Fall Home Inspections

Have you began completing your fall home inspections? If you haven't, here are a list of things you should begin getting done!

Photo by Kim Cornelison

Inspect your roof
Experts recommend doing a visual inspection of your roof, either from the ground with binoculars or heading up there with a ladder. Look for bent, cracked or missing shingles and replace them. If there are a lot of those, and you know your roof is old, consider having it replaced. It may be costly, but so is water damage from leaks.

Gutter cleaning
When the leaves are done falling, you'll save a lot of hassle by pulling out the ladder again and clearing out your roof gutters. As the Weather Network explains, “clearing the gutters allows rainwater to drain properly through your downspouts, rather than spilling over the sides and potentially getting into your home's foundation.”

Disconnect your hose
Vancouver weather hasn't quite cooled down to this point yet, however as the weather begins to dip make sure to disconnect your hose. While your home's warmth may insulate water in pipes from the cold rigours of Canada's winter, outside faucets have no such protection.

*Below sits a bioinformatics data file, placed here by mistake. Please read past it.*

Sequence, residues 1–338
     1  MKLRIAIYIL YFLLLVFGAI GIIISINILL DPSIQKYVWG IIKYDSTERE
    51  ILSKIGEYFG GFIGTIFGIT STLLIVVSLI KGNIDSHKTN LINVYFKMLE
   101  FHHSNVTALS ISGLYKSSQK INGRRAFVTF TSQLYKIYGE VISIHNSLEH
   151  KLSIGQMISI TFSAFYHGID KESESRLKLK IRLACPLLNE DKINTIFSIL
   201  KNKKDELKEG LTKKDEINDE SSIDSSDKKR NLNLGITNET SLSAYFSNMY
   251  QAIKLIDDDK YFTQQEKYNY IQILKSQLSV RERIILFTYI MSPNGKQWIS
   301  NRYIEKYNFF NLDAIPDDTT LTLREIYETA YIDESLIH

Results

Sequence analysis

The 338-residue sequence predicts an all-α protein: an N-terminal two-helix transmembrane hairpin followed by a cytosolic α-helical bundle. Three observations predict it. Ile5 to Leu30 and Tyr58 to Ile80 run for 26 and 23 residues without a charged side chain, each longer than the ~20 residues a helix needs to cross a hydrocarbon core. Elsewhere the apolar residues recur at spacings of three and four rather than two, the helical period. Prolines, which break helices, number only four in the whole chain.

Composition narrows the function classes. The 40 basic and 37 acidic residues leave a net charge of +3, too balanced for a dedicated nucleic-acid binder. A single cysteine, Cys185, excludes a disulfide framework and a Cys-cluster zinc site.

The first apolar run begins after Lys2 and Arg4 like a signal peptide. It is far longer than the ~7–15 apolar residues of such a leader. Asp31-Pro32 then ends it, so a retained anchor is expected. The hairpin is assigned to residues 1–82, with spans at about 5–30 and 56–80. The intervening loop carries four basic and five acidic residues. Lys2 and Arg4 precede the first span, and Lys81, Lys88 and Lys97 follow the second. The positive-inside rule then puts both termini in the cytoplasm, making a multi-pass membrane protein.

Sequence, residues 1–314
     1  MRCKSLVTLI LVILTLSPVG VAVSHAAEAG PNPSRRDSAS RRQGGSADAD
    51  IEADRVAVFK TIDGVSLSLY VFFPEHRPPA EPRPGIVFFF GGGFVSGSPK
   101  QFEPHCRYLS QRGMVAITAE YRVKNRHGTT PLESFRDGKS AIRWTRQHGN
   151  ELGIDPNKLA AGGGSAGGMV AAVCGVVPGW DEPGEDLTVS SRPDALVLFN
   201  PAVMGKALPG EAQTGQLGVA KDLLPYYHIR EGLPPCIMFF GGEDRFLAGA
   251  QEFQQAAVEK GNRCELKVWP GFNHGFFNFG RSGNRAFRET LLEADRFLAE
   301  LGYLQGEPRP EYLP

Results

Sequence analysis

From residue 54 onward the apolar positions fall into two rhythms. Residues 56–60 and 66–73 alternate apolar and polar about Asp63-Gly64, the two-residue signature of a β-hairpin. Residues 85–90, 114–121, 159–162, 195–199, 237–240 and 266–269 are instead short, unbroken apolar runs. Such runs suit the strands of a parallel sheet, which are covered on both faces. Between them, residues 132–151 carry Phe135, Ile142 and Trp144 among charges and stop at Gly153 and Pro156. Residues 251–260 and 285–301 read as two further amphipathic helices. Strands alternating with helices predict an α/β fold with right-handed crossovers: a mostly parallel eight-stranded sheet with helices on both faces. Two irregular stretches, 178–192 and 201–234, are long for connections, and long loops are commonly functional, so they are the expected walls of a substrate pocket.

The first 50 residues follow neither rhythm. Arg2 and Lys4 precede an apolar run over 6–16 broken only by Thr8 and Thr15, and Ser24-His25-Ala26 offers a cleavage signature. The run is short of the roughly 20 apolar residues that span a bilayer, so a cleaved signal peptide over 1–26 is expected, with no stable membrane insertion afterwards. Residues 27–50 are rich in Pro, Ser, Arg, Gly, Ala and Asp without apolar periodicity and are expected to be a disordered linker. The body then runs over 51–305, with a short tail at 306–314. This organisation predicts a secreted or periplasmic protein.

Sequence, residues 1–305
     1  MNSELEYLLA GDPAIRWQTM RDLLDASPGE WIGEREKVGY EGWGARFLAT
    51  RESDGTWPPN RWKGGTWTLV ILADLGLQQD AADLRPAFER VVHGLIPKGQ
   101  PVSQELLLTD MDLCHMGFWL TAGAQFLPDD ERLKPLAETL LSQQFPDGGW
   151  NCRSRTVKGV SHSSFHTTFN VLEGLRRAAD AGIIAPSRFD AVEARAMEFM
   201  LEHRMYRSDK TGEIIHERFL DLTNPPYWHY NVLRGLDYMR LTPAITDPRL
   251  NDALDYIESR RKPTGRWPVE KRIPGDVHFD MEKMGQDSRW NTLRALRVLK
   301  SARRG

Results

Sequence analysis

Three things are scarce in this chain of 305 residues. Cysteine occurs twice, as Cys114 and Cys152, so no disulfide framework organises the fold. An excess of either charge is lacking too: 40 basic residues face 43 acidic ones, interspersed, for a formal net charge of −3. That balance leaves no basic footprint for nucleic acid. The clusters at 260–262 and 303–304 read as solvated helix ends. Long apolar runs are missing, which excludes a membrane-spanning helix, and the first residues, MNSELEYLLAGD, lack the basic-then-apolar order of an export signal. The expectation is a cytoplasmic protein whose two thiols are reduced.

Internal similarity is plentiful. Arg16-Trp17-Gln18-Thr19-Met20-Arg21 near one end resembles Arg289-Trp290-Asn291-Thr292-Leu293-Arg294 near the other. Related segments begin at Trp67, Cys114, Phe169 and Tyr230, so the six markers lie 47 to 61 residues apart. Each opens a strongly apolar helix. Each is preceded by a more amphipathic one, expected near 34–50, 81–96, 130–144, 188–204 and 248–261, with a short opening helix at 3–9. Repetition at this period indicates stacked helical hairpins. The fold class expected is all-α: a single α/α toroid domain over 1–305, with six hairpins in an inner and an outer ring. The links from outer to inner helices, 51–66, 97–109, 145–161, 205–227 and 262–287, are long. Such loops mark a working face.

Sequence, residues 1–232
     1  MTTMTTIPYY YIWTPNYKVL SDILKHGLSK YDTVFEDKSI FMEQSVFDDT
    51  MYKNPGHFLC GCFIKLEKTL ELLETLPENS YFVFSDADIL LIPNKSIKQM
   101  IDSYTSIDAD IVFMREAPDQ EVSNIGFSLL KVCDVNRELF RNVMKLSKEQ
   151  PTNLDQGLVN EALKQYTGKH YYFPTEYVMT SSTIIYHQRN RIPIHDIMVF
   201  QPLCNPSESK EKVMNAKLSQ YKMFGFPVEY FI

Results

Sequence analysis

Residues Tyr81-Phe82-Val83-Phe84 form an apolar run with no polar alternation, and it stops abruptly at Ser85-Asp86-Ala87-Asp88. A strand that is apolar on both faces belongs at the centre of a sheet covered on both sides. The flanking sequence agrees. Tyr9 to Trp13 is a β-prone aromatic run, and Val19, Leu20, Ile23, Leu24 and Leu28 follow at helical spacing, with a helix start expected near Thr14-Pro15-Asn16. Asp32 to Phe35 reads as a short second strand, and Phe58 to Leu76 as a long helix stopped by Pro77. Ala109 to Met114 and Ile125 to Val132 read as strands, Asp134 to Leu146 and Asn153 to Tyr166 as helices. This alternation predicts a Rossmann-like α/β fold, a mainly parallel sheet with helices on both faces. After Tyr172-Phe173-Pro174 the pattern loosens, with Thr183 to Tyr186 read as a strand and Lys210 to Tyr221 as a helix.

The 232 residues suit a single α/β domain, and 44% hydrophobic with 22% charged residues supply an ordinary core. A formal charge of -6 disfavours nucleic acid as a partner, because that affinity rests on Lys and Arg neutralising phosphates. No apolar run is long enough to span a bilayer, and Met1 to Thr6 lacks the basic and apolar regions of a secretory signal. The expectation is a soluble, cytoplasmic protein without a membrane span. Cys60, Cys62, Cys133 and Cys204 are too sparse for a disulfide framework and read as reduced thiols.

Ready your fireplace
Even if you use your fireplace only occasionally, you should check it annually for damage and hazards. As Better Homes & Gardens explains, first inspect the flue for creosote, a flammable by-product of burning wood. Too much accumulation in a flue or chimney can result in a devastating fire. Get your chimney inspected annually for creosote buildup. If you use a fireplace or wood stove frequently, have the flue inspected after each cord of wood burned. For most people, the best option is to have your entire chimney system inspected by a chimney sweep. Once you know what to look for, you can perform the inspection by shining a bright flashlight up the flue, looking for any deposits approaching 1/8 inch thick. These deposits should be cleaned by an experienced chimney professional."

Repair walkways
Damaged walkways, drives, and steps are a hazard year-round, but their dangers are compounded when the weather turns icy. Fixing issues in the fall is also critical to preventing little cracks from becoming expensive headaches. 

We hope this breakdown helps when it comes to preparing your home for the new season!